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smiling, he might march. He will never march, an't please your honour, in this world, said the Corporal. He will march, said my uncle Toby, rising up from the side of the bed, with no shoe off. An't please your honour, said the Corporal, he will never march but to his grave. He shall march cried my uncle Toby, marching the foot which had a shoe on, though without advancing an inch ; he shall march to his regiment. He cannot stand it, said the Corporal. He shall be supported, said my uncle Toby. He'll drop at last, said the Corporal ; and what will become of his boy? He shall not drop, said my uncle Toby, firmly. A-well-a-day, do what we can for him, said Trim, maintaining his point, the poor soul will die. He shall not die, by cried my uncle Toby.

The ACCUSING SPIRIT, which flew up to Heaven's chancery with the oath, blushed as he gave it in; and the RECORDING ANGEL, as he wrote it down, dropped a tear upon the word, and blotted it out for ever.

My uncle Toby went to his bureau, put his purse into his pocket, and having ordered the Corporal to go early in the morning for a physician, he went to bed and fell asleep.

The sun looked bright the morning after to every eye in the village but Le Fevre's and his afflicted son's; the hand of death pressed heavy upon his eyelids, and hardly could the wheel at the cistern turn round its circle, when my uncle Toby, who had got up an hour before his wonted time, entered the lieutenant's room, and without preface or apology, sat himself down upon the chair by the bedside, and independently of all modes and customs, opened the curtain in the manner an old friend and brother officer would have done it, and asked him how he did; how he had rested in the night; what was his complaint; where was his pain ; and what he could do to help him; and without giving him time to ar swt. any one of the inquiries, went on and told him of thu little plan which he had been concerting with the Corporal the night before for him.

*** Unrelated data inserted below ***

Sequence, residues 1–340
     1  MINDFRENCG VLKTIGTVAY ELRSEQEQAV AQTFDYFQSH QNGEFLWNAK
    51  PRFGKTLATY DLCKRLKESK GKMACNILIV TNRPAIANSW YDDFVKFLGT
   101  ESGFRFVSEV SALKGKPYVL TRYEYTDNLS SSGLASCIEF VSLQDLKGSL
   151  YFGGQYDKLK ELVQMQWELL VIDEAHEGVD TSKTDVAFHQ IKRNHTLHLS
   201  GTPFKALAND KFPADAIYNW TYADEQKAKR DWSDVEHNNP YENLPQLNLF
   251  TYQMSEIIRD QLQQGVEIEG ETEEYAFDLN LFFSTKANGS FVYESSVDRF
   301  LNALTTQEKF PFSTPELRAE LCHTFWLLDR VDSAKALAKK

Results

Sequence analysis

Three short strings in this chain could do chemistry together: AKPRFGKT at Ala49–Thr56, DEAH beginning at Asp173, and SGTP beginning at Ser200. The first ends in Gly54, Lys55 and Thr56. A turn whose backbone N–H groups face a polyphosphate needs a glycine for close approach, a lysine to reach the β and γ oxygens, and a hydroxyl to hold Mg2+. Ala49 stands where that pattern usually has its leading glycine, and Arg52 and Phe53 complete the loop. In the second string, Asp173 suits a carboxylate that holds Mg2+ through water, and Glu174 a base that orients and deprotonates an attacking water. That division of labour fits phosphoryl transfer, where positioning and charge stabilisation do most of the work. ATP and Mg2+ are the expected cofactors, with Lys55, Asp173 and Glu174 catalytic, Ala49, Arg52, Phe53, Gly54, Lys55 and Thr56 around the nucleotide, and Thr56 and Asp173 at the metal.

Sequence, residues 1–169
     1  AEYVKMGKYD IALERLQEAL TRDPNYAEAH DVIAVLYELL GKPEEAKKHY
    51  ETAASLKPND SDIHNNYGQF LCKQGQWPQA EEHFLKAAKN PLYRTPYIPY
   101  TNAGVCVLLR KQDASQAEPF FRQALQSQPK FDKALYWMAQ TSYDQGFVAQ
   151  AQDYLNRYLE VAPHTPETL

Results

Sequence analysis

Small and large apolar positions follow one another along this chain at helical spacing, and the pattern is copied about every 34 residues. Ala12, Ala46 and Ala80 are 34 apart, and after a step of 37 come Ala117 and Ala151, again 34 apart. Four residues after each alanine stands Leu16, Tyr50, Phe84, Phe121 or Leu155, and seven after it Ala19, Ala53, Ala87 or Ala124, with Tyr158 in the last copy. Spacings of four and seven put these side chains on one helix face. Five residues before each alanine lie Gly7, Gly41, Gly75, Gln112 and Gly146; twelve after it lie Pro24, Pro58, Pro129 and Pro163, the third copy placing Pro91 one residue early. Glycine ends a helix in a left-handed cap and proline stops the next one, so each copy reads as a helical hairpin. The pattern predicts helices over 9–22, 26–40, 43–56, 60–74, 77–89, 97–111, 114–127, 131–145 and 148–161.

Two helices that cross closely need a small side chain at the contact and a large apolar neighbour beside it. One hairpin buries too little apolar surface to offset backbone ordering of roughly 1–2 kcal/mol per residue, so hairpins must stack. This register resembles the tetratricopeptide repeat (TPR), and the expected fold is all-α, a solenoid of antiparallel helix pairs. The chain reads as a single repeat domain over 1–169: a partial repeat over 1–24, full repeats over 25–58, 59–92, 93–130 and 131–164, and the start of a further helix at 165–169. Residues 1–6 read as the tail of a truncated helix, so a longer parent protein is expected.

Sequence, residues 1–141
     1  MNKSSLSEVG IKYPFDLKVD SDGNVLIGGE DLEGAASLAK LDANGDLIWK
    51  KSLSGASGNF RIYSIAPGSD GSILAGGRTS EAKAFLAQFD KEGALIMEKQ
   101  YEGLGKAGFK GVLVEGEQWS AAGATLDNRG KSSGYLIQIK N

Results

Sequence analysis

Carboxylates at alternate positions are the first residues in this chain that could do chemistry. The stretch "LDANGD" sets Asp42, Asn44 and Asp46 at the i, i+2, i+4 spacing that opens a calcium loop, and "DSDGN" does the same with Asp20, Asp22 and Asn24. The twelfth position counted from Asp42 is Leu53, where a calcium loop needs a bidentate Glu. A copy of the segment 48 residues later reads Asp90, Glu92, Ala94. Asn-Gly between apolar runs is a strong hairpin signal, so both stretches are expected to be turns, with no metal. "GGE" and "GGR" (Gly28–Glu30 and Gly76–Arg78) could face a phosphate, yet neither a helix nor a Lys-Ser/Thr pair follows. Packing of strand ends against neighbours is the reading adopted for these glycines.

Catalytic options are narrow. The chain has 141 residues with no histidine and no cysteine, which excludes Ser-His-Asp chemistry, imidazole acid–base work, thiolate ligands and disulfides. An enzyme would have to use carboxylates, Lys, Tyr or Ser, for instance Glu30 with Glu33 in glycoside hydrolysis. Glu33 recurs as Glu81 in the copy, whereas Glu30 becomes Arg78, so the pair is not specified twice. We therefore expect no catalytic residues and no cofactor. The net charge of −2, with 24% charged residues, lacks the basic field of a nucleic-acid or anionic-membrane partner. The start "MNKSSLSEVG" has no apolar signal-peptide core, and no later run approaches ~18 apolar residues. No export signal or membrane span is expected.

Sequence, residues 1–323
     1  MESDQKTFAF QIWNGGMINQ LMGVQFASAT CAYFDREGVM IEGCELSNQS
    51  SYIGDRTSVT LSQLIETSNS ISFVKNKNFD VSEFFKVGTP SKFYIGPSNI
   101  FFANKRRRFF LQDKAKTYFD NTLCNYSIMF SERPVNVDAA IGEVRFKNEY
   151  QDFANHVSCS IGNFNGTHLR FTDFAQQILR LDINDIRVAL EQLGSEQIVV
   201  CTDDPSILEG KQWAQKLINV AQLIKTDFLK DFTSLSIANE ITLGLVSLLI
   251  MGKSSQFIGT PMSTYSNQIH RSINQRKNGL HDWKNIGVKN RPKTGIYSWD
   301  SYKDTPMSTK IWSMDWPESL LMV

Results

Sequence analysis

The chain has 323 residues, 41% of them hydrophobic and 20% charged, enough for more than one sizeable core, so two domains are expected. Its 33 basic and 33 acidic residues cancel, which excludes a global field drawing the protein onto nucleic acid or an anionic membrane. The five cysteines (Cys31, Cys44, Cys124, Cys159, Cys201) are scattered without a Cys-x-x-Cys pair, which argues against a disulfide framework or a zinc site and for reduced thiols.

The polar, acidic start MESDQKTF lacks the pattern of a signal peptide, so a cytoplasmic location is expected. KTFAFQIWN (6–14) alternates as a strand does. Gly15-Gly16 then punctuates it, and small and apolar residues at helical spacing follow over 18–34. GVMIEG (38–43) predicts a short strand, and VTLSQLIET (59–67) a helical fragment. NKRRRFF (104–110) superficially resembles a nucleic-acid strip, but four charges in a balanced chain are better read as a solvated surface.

You shall go home directly, Le Fevre, said my uncle Toby, to my house; and we'll send for a doctor to see what's the matter; and we'll have an apothecary; and the Corporal shall be your nurse, and I'll be your servant, Le Fevre.

There was a frankness in my uncle Toby—not the effect of familiarity, but the cause of it—which let you at once into his soul, and showed you the goodness of his nature; to this, there was something in his looks, and voice, and manner, superadded, which eternally beckoned to the unfortunate to come and take shelter under him ; so that before my uncle Toby had half finished the kind offers he was making to the father, had the son insensibly pressed up close to his knees, and had taken hold of the breast of his coat, and was pulling it towards him. The blood and spirits of Le Fevre, which were waxing cold and slow within him, and were retreating to their last citadel, rallied back; the film forsook his eyes for a moment; he looked up wistfully in my uncle Toby's face, then cast a look upon his boy. Nature instantly ebbed again; the film returned to its place; the pulse fluttered — stopped — went on—throbbed —- stopped again moved_stopped ; shall I go on? No.